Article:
By Dr. James T. McGill – Retired Senior Vice President for Finance and Administration Johns Hopkins University and member of the Edu Alliance Advisory Council
“P3” (Public/Private Partnership) has become a commonly used acronym in U.S. higher education, as well as in other spheres, notably state and local government. Definition:
- “Public” is a non-profit institutional or governmental entity that engages a “private” for-profit entity to pay for a particular project.
- The “private” partner provides funding (and often expertise) to deliver (and often operate) the project used by the “public” entity to meet its purposes.
- In return for its capital, the “private” entity gets a revenue flow from the asset it has paid for.
A typical example of a higher education P3 project is a private partner paying for and operating a new, revenue-generating facility on the public partner’s property, such as a student residence hall.
The P3 term also can encompass outright purchase by a “private” entity of a physical asset of a “public” entity and subsequent operation of that asset with the cost and revenues emanating therefrom accruing to the “private” partner. The public seller reaps a one-time payment up front. Two recent higher education examples are selling the ownership, and turning over the subsequent operation, of i) campus parking and ii) heating, ventilation, and air conditioning facilities.
This blog focuses on the positives and negatives of the use of P3 arrangements in providing a new facility through a P3, exemplified by a residence hall transaction.
There are a plethora of economically challenged colleges and universities with relatively small operational staff, thereby having only limited financial and personnel resources to manage the delivery of a new building. An institution’s capacity to pay for new student residence hall, say, may be constrained in several dimensions: i) insufficient accumulated cash, ii) reluctance to use endowment resources, and/or iii) limited borrowing capability. Such an institution may consider turning to a private partner with investment capital. Typically, the private partner will have expertise and experience in delivering the facility, knowing efficient construction approaches, how to deal with local zoning and environmental regulations, and managing local permitting processes. Perhaps, too, a partner might be experienced in dealing with the interested publics – neighbors and political interests. Such firms may also be familiar with governmental subsidies available to support such projects; an example is a project located in an economic empowerment zone. Too, not atypically, such a partner is able to deliver a project more quickly than if managed by the institution.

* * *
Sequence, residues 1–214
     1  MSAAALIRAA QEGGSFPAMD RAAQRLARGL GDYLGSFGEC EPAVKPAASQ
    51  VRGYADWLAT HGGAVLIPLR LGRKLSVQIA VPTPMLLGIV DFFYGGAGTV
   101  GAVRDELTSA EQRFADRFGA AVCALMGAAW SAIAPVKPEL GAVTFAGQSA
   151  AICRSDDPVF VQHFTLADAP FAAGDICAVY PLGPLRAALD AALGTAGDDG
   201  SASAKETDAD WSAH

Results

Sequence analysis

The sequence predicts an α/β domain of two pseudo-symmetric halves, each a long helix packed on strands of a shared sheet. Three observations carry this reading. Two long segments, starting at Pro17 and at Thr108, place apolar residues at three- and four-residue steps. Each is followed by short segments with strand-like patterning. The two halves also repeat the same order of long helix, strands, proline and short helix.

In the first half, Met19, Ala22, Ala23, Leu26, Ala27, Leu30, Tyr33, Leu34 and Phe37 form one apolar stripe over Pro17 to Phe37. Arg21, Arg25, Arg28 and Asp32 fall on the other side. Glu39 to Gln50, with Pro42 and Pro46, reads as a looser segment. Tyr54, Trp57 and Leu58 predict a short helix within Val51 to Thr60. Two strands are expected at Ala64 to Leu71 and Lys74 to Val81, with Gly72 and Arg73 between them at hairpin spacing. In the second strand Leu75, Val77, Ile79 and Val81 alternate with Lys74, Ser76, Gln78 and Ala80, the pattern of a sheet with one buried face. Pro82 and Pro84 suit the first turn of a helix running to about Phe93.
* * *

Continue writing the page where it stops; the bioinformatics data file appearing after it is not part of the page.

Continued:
All sounds positive – some else’s money, expertise in building, knowledge of local regulatory restrictions, and fast delivery of a right-priced facility. Are there any drawbacks? Several countervailing factors to consider:
First, the “cost of capital” must be considered. The private partner is paying for the project with its own money (or, often, with that of financial partners it brings to the transaction); thus, it expects a return of perhaps 8-12% annually, maybe more. That return is generated from the “profits” of the operation of the facility it financed. If the institution is capable of borrowing from i) its own endowment (at a long-term annual cost from foregone investment returns of, say, 6% to 8%) or ii) a bank or the public bond markets (at rates today of perhaps 4% to 5% annual interest costs), there is an incremental carrying cost, ceteris paribus, to the public partner in a P3 arrangement.